Will technology ever catch up?

Archive for the ‘Hardware’ Category

Hardware: Intel Builds 80-Core Chip

Posted by cascadehush on January 22, 2007

Intel Builds 80-Core Chip That Uses Less Power Than A Quad-Core – News by InformationWeek:

Researchers have built the prototype to study how best to make that many cores communicate with each other. They’re also studying new designs for cores and new architectural techniques

This is the crux of the matter. How do you get a bunch of cores talking to each other when the number of possible communications paths increases somewhat exponentially to the number of cores. This creates a diminishing return, with each additional core providing less of a performance benefit than the previous one. And how does one design operating systems and software to take advantage of them.

I simply don’t think that the software will be there in the timeframe that Intel are projecting for their hardware releases.

The Superscalar architecture of the Prescott Pentium 4 CPUs was somewhat a failure because software was simply not built the way Intel had hoped. Likewise I suspect that Intel is going to have to stop creating more and more cores per chip, because the operating systems will not exist that can manage them.

Posted in Hardware | Leave a Comment »

Web: Google Trends – iphone

Posted by cascadehush on January 21, 2007

Google Trends: iphone
As of this writing, most people searching for the word iPhone on Google are from Greece. Or at least that’s what the graph looks like. I’m not sure what statistical methodology is used, it it’s some kind of pro-rata, per population thing… But that’s not the point.

Does Greece have terrible mobile phones?

Does no-one in Greece know how to get to the Apple site?

Has the Greek press given Apple particularly high-profile coverage but lacking in detail?

Are the Greek simply tech-savvy riders of the bleeding edge?

Or are there a lot of retired mobsters sitting on their yachts in the Adriatic with nothing better to do than search google for new ways to spend their ill-gotten gains?

Who knows.

I just thought it was a bit weird.

(Should there be any Greeks reading this, i’d appreciate any local insight you might have.)

Posted in Hardware, iPod, Opinion, Rant | Leave a Comment »

Hardware: Western Digital Data Lifeguard Tools error codes

Posted by cascadehush on January 9, 2007

Western Digital, like many harddrive manufacturers, provide a free diagnosis program. The Western Digital Data Lifeguard Tools will either report the drive as error free, or spit out an error code, which is meaningless unless you have the Diagnostic Error Codes.

I don’t know why they can’t just put those descriptions in the program. Maybe there was a time when they didn’t want the average joe knowing the specific nature of the problem. Maybe the program had to once fit on a 180k floppy disk and the error descriptions made the code too big. Maybe they were just lazy programmers. Regardless , it would be nice for them to fix the problem. These days we are mostly booting the tool from a CDR.

Posted in Hardware, PC | Leave a Comment »

XP: Finding and Installing Drivers, Part 1.1 – Via Motherboard Chipsets

Posted by cascadehush on January 8, 2007

N.B. This is a continuing series of articles about finding and installing drivers in the case that you either don’t have the original driver CD or choose not to use it. There is an introduction to this series as well as an section introduction about Motherboard Chipset.

VIA Technologies, Inc, without a doubt, have the best motherboard driver package. I can’t say whether they are the best chipsets, though most of my PCs have Via chipsets. I find them a nice balance between cost and performance.

4 in 1 Driver
The older motherboard driver package was and is called the ‘4 in 1 Driver’. It is recommended for systems more than about 3 or 4 years old. Personally I have had good results with this driver on quite old systems running Win98; so don’t feel compelled to track down motherboard specific drivers for some ancient hardware if you have already identified it has a Via chipset.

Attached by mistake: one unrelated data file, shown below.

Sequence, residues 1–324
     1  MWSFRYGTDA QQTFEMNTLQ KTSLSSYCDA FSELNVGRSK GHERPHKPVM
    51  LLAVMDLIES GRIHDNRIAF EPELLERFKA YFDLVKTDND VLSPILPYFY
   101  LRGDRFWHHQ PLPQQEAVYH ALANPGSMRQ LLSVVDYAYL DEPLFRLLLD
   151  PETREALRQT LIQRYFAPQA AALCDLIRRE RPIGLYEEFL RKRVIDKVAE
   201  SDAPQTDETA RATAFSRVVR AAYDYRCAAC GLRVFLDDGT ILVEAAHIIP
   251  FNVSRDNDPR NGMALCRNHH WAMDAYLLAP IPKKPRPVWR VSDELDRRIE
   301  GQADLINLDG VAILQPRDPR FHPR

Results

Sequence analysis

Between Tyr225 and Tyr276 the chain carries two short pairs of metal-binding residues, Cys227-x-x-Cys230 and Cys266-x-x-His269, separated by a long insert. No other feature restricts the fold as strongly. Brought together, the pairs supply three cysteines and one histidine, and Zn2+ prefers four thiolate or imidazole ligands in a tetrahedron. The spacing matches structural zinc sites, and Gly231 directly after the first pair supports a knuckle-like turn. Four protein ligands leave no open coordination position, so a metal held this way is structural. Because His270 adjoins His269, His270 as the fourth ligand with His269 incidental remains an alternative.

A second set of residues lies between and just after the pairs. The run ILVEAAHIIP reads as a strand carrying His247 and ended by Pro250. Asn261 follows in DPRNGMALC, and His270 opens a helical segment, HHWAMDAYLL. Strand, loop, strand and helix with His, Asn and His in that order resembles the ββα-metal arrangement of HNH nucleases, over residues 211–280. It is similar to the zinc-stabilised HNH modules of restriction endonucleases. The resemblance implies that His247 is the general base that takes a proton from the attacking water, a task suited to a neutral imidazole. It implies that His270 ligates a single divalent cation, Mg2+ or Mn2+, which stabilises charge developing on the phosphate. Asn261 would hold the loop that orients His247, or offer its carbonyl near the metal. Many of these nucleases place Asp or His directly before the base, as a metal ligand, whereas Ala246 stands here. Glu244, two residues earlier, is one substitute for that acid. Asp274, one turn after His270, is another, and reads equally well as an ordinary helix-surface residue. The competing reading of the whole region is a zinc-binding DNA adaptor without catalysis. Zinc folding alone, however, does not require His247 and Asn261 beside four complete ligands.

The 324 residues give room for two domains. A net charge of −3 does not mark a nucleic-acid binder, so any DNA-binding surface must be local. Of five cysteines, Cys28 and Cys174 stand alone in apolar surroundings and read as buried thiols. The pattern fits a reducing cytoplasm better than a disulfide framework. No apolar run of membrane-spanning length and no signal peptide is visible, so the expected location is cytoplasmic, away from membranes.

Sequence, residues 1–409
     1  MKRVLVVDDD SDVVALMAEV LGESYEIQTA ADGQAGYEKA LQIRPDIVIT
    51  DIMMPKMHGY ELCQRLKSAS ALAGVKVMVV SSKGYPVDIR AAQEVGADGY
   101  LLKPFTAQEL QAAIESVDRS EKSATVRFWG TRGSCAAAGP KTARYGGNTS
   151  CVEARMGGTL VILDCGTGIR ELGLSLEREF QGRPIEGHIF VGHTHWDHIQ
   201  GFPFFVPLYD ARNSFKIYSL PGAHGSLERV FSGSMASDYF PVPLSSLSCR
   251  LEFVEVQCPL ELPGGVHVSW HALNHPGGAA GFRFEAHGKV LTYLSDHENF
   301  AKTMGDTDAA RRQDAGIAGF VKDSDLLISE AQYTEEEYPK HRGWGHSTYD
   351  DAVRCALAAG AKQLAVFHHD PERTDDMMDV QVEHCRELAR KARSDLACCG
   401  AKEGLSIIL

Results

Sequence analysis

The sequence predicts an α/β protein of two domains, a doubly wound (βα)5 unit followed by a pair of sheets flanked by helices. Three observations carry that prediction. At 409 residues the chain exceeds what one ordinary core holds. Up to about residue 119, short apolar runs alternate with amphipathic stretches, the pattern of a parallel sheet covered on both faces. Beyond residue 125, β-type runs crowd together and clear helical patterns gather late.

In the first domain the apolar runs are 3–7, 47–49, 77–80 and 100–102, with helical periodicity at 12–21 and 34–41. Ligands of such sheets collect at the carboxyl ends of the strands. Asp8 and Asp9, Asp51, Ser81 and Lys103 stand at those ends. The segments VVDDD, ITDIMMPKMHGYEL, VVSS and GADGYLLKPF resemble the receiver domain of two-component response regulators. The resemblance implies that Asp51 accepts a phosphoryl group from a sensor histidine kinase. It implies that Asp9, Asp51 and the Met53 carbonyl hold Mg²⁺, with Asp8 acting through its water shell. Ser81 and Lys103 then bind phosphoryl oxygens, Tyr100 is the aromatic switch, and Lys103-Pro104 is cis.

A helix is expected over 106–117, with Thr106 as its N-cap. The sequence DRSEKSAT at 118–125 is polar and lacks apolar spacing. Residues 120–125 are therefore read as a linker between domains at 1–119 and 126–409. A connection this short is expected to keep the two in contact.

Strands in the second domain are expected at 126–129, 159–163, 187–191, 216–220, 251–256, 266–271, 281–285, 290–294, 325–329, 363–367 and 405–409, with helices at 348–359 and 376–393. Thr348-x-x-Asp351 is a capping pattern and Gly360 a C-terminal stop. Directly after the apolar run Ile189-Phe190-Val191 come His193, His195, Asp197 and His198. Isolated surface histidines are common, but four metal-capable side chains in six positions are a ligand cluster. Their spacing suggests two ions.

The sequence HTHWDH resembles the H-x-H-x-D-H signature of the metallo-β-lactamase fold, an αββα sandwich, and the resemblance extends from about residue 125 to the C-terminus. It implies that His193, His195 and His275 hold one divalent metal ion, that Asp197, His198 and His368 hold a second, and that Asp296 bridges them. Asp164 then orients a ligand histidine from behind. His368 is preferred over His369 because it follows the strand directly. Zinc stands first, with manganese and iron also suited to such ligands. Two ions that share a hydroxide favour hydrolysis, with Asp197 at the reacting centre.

The 4 in 1 driver contains the following drivers

  • AGP VxD; necessary for proper operation of an AGP Graphics Card
  • ATAPI Driver for smoother running of your IDE device.
  • The ‘INF’ driver which sets up the power management
  • The PCI IRQ Miniport Driver, which is only necessary and only installs on Win98, to fix IRQ routing.
  • For NT only, the VIA IDE Bus Mastering driver. This is the only driver installed on NT.

The package runs on any version of Windows from 95 to XP (32 bit only) and is smart enough to know which are the appropriate drivers for your hardware and OS.

The current version is 4.43 and was released on 25 October 2001. Don’t let its age fool you. It is a stable, mature driver set. Download the Via 4-in-1 Driver

Hyperion Pro
Sounds impressive. Well, perhaps not. But this is the name for the current package of drivers. I guess the name 4 in 1 was getting a bit silly since there were 5 drivers included, of which you would get 1, 3 or 4 drivers depending on your OS.

The Hyperion package include similar but updated drivers to what is in the 4 in 1 package, with the important addition of the SATA drivers. As of this writing the latest version is 5.10a which was released on the 8 September 2006.

The Hyperion package is for Win98 through XP and Windows Server 2003. Both 32 bit and 64 bit versions, where appropriate, are included. As with the 4 in 1 package, the installer is smart enough to know what drivers are required.

You can download both the Hyperion and 4 in 1 drivers from VIA Arena.

A Note about RAID Utilities
Now here is a fact worth noting. Many SATA drivers give you the option of installing just the driver, or the driver plus the RAID utility. I recommend that you DONT install the utility, just the driver.

The RAID utility is not necessary, and is usually just another annoying taskbar icon.

If you have a Raid 1 or 5 array where a drive fails, you usually have to go into the BIOS or RAID BIOS to run a utility to re-build the array. (after replacing the faulty drive, of course). Whilst the array is being rebuilt you can’t use the PC, but it is the quickest way to re-build the array.

However, with the utility installed you can rebuild the array inside Windows, which means you can still use the PC whilst the utility re-builds the array. Your PC will probably be slow, and the array will likely take all day (maybe all night as well) but at least you have access to your email and play Freecell.

So if you really, really, must rebuild the array with Windows loaded, install the utility then, and not before. The uninstall it when you are done, or at least remove it from the line-up of programs that run whenever you start Windows.